Who should be taking a supplement?
Even though food sources are generally best, there are times when a supplement may be necessary. Certain populations, such as infants and children or the elderly, may benefit from taking a supplement to counteract a compromised immune system or a limited diet. Many athletes use supplements to boost their athletic performance. Some patients with digestive conditions like Crohn’s or celiac disease may need to take supplements to fill in the gaps when their illnesses prevent them from absorbing nutrients from their food. Pregnant or breastfeeding women may be prescribed a supplement by their health care provider to boost nutrition or prevent birth defects. If you feel that you have a nutritional need that is not being met through diet alone, it is best to discuss this with a registered dietitian nutritionist or your healthcare provider to ensure you are meeting your nutrition needs. There is plenty of room for supplements in a healthy lifestyle. The important thing is to honestly assess your diet to see what may be lacking and find a way to meet that need. In most cases, a simple adjustment to your diet should be enough. If not, a supplement may be in order. If you are concerned about any deficiencies in your diet, you can talk to a Health Loft dietitian in Chicago, IL (virtually via our telehealth platform or in person) by calling us at (312) 374-5399 or by scheduling an appointment online. Remember to also check out our Facebook, Instagram, and Twitter pages for more fun facts and articles on nutrition, physical therapy, and exercise!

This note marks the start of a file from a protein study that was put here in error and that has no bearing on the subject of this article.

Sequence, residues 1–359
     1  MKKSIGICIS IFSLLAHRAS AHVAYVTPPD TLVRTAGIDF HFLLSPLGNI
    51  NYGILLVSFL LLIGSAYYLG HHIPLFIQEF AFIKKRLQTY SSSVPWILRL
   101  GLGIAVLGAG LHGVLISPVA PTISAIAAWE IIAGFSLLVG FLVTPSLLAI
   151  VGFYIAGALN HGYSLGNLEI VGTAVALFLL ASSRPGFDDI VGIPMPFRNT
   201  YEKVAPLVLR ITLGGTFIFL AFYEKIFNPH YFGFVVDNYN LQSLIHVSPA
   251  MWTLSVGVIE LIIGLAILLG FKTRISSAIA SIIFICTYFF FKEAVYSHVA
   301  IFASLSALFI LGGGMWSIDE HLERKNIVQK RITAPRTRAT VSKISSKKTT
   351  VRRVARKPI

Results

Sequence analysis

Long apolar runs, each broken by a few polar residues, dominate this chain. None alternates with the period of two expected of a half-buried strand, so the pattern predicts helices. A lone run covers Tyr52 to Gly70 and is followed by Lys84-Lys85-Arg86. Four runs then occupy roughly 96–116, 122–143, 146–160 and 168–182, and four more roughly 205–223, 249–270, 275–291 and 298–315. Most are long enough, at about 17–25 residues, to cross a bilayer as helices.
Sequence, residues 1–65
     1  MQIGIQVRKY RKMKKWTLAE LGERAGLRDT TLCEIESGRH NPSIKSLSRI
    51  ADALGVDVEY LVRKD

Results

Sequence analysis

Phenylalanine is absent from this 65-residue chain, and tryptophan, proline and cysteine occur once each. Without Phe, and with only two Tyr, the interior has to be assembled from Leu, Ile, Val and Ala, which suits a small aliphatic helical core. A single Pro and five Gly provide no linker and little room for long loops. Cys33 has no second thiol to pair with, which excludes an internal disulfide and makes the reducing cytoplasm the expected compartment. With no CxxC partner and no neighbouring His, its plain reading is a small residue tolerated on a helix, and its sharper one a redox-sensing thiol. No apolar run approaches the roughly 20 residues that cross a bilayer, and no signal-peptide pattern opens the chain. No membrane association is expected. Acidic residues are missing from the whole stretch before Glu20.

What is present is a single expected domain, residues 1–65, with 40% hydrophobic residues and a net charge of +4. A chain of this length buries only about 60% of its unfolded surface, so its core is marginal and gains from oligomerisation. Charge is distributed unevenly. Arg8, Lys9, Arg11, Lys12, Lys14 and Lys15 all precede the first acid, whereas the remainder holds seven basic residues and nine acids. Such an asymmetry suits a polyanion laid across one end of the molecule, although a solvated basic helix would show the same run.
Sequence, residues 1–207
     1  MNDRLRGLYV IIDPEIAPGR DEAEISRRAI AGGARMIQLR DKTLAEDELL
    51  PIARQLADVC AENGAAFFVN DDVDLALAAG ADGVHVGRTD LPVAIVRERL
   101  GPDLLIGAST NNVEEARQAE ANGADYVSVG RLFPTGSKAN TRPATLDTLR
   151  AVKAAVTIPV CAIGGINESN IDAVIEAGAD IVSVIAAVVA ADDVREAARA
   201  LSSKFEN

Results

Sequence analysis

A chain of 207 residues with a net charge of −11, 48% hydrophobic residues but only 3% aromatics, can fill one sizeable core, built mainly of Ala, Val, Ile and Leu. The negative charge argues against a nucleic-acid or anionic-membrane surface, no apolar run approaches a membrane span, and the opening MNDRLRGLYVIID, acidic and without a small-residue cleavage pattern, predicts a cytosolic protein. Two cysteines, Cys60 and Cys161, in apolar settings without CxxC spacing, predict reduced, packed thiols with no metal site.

Written By Rebecca Byerly Edited by Alexander Franz Reviewed by Morgan Murdock, RD.